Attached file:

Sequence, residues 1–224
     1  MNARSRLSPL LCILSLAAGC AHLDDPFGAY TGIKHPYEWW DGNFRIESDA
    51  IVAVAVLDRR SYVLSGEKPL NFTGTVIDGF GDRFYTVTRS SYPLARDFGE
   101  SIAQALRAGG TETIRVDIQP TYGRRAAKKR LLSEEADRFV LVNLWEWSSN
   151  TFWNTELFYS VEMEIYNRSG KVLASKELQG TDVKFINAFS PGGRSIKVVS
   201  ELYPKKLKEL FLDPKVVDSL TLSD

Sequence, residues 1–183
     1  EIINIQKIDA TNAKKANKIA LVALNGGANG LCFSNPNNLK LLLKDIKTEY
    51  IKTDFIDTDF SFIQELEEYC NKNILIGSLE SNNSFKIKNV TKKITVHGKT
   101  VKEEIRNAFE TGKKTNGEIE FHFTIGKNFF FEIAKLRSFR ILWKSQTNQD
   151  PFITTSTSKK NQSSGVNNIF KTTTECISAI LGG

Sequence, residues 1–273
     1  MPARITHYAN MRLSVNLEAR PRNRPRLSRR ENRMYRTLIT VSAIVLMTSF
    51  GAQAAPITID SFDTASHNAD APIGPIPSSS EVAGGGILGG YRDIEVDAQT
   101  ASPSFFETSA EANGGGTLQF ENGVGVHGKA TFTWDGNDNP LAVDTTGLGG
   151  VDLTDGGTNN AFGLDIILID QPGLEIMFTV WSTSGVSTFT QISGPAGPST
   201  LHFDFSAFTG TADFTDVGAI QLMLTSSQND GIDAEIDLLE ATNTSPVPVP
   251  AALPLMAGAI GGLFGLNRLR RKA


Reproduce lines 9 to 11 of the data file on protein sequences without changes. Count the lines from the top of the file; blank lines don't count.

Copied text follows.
    51  IKTDFIDTDF SFIQELEEYC NKNILIGSLE SNNSFKIKNV TKKITVHGKT
   101  VKEEIRNAFE TGKKTNGEIE FHFTIGKNFF FEIAKLRSFR ILWKSQTNQD
   151  PFITTSTSKK NQSSGVNNIF KTTTECISAI LGG